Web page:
“Never use the word ‘just. It diminishes who you really are!” – Futurist Jim Carroll
I talk too much – I suppose it comes with having a career as a speaker.
I suspect I am a bit of an extrovert.
I also golf very early.
This combination sometimes has me finding myself golfing solo, since it seems that not everyone wants to find themselves racing around the course with a 7 a.m. start. Eager for conversation, I will find myself in conversation with many of the grounds crew – the folks busy maintaining and sprucing up the course each day. And in those conversations, I have found much inspiration and knowledge. But I’ve also learned that, as in many industries and jobs, people seem to automatically diminish who they are and what they do.
Two stories will let me share this thought.
One time, I was coming up the 8th fairway, having nailed my tee shot right into the middle. Uh-oh – two young ladies were about 30 feet from the ball, working with various instruments to extract things from the soil. Naturally, I went over to talk to them – first to apologize, and second, to find out what the heck they were up to. It turns out that the head groundskeeper told them that the first person they were likely to encounter that day would be me – I have a bit of a reputation for striking up a conversation!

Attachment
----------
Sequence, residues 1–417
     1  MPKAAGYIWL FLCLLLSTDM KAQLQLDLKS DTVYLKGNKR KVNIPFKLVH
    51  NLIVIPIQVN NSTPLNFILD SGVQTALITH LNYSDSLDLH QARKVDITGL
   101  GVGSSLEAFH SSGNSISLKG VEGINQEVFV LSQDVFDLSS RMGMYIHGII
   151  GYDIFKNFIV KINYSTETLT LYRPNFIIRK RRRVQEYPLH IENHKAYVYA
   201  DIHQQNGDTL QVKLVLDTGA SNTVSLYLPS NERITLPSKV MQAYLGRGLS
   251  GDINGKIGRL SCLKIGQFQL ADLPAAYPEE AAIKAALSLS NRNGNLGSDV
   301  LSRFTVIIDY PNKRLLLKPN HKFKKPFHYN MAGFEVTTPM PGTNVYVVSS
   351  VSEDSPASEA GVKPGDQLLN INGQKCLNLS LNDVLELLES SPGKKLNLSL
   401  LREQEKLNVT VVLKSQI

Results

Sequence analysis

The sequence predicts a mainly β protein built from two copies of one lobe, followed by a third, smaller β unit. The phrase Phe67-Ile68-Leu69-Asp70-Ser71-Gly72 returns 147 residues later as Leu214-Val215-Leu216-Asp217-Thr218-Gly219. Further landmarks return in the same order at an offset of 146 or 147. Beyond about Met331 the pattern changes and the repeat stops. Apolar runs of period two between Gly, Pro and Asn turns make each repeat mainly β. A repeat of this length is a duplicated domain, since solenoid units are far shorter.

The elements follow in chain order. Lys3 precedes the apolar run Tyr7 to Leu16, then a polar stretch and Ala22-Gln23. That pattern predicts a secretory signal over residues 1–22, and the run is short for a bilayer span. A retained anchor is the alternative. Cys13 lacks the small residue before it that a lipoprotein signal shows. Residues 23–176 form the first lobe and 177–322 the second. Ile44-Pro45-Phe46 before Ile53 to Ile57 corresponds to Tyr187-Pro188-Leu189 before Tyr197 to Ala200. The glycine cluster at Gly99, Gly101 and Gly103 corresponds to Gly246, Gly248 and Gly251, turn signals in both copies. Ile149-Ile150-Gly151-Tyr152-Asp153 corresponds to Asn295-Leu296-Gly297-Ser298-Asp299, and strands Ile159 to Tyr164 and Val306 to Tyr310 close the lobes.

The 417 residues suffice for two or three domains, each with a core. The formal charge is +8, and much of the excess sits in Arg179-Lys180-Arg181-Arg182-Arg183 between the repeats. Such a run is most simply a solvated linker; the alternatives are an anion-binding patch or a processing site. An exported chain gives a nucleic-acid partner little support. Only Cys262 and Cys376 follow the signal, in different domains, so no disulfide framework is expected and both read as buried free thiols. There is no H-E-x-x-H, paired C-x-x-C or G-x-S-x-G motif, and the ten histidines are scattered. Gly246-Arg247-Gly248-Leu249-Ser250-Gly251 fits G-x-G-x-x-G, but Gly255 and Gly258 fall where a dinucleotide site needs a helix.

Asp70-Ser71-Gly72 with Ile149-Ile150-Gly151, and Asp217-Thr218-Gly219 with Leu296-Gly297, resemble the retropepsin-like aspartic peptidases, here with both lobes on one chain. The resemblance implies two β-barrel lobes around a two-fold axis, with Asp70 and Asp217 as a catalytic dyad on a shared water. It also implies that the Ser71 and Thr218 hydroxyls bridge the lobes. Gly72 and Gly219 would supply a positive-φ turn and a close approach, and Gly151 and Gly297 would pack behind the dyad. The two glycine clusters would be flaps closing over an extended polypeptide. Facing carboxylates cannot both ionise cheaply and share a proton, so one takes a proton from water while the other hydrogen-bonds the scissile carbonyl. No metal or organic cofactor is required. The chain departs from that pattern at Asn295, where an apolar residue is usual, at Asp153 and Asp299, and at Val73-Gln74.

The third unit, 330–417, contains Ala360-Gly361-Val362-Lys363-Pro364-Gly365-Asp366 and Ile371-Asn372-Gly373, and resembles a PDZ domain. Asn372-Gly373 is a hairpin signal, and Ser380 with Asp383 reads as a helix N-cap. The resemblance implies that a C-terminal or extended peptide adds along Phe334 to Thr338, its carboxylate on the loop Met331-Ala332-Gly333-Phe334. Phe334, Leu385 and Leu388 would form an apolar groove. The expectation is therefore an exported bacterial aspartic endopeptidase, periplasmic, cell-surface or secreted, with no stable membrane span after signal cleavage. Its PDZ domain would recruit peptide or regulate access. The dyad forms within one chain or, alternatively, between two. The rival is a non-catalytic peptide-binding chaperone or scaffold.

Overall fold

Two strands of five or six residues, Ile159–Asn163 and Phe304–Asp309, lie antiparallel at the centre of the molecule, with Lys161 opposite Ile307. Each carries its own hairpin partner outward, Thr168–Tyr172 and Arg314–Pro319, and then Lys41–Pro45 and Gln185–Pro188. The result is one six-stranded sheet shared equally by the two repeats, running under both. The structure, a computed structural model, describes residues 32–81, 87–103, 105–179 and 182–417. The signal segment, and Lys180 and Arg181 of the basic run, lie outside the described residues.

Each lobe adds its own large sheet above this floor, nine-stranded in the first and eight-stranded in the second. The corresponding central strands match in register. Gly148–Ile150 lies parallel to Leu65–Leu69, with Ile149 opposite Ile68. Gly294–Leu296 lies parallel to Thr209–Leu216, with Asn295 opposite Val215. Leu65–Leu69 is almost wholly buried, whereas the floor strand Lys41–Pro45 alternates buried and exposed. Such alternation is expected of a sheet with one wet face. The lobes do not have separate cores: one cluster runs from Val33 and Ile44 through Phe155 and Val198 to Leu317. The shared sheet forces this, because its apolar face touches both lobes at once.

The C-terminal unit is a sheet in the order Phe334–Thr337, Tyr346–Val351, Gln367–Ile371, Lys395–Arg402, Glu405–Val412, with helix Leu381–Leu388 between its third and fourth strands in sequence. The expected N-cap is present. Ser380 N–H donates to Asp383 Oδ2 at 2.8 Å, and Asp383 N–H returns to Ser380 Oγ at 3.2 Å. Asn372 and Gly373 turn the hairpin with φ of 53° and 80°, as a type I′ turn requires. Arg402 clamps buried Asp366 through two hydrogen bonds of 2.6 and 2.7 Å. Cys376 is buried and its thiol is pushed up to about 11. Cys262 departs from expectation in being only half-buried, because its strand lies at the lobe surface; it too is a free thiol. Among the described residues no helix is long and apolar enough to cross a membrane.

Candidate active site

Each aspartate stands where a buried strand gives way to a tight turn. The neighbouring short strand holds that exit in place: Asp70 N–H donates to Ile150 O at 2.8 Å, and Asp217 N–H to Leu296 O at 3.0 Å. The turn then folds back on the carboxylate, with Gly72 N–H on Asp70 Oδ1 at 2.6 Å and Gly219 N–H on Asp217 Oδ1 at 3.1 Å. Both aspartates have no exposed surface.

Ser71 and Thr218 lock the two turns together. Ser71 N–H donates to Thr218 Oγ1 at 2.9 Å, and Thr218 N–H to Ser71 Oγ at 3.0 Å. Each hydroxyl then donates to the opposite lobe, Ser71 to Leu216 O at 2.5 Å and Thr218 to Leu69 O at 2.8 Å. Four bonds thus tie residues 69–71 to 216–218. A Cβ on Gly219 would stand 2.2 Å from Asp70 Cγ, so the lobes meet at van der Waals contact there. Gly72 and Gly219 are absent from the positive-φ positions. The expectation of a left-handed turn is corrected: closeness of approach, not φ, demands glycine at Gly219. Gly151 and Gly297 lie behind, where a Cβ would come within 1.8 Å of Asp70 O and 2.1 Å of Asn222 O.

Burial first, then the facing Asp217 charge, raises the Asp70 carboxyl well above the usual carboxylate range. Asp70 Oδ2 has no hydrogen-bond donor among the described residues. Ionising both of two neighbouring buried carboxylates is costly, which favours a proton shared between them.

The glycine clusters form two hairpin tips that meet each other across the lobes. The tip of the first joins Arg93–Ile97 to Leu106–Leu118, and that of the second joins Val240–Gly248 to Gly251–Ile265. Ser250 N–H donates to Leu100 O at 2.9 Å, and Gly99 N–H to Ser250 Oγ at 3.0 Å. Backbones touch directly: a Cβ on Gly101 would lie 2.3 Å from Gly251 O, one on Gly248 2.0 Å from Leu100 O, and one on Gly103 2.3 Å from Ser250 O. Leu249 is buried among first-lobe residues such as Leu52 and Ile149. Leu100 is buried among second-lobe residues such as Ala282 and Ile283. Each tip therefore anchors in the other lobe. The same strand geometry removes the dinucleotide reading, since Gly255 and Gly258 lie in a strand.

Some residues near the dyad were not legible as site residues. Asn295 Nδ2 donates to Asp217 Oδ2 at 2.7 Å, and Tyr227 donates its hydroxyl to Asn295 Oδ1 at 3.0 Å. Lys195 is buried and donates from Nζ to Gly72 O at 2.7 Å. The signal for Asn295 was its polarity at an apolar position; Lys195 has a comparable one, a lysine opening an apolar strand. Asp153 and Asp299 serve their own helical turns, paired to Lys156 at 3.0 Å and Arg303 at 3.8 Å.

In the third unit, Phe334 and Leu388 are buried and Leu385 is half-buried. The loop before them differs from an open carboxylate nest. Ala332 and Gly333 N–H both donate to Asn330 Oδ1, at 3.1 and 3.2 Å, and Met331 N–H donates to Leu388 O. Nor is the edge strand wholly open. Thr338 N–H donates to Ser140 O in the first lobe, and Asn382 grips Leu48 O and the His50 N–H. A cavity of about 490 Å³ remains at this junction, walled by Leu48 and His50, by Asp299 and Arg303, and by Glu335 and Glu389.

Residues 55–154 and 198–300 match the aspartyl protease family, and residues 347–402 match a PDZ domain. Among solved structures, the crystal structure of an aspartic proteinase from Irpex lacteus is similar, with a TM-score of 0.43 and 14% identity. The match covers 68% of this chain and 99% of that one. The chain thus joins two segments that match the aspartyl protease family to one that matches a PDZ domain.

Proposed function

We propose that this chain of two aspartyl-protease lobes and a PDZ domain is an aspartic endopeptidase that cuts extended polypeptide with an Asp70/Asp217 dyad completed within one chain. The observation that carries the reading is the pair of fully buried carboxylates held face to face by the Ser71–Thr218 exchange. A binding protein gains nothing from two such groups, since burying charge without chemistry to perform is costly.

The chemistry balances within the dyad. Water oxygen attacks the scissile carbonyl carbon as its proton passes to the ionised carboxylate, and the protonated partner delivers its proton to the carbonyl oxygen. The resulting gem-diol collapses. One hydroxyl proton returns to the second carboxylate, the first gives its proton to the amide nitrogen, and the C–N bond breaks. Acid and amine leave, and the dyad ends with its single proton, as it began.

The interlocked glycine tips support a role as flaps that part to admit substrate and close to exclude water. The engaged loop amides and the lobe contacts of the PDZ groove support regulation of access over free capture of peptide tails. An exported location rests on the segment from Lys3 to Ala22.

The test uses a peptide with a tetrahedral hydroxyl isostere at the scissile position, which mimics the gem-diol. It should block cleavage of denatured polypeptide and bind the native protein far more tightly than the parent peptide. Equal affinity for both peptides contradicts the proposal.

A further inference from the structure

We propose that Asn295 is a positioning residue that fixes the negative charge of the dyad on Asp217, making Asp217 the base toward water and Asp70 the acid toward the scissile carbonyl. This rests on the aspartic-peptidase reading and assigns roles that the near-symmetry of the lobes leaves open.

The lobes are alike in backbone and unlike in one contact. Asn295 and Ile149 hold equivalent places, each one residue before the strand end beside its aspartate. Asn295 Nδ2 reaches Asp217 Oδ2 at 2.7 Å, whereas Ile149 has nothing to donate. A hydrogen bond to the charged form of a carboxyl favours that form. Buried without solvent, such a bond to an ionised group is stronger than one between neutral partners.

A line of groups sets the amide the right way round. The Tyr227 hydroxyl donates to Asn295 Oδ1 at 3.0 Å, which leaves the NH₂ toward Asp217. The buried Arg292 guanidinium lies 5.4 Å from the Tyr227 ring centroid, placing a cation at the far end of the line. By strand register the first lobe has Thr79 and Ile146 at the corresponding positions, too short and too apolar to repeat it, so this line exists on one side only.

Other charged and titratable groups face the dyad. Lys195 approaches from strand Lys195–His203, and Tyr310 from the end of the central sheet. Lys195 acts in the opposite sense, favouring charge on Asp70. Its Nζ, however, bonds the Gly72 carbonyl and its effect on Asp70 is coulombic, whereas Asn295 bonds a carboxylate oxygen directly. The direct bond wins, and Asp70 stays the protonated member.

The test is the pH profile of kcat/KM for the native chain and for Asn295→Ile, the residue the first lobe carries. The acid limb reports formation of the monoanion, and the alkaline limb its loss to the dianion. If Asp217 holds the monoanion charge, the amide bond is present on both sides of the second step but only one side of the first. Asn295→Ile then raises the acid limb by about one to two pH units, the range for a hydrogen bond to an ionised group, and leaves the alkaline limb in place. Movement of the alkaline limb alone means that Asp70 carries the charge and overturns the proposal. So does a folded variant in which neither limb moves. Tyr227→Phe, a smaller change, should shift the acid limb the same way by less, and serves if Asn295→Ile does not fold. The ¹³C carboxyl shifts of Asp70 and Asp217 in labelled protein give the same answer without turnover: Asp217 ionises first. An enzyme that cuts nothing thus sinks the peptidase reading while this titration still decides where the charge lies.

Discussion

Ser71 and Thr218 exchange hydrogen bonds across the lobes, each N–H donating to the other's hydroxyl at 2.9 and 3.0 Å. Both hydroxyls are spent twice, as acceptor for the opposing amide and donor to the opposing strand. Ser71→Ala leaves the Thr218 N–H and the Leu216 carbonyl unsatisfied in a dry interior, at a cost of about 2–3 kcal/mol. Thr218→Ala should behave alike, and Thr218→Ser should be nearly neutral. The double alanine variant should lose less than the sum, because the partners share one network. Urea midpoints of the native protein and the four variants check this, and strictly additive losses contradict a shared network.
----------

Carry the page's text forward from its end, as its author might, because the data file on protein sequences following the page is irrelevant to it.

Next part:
It turns out that the older of the two was working on soil samples for her master’s degree – you see, my home course is located right next to the University of Guelph Turf Grass Institute, one of the world’s leading golf course turf management programs. I began to quiz the young woman at length on the nature of her thesis, the information the samples would provide, and how this might help with course maintenance in the future. This is how I learn about things – follow the science of turf grass, and you can learn much about the science of agriculture. I filmed a brief story about this one day while golfing in Arizona.
I then turned my attention to the second young woman, asking about her role in this project.
“Oh, I’m just a student,” she replied. “I’m just helping out.”
Just a student.
At that very moment, she was unconsciously diminishing herself. I recoil at the phrase; it seems to be full of motivational self-sabotage.
“Don’t use the word ‘just,‘” I suggested with a smile, and began to ask her about her career goals, plans, and role in the project. It turns out that she too was considering forging a path in this unique career, and so she wasn’t just helping out – she was at the beginning of the process of satisfying herself that this was a career worth exploring. She wasn’t ‘just‘ an assistant – she was an active participant in the research, and I told her so.
This might all seem rather pedantic, but to me, it matters. Any time we use the word ‘just,‘ we are self-consciously limiting who we are, what we do, the skills we have, the knowledge we possess, and the drive that powers our inner motivation. Using the word ‘just‘ is such a diminutive word that I really don’t like to see it in action. And the thing is when you use the word ‘just,’ you never give someone the opportunity to discover your inner magic. And believe me, there are people out there with inner magic who you need to discover – because you never know what it might lead to!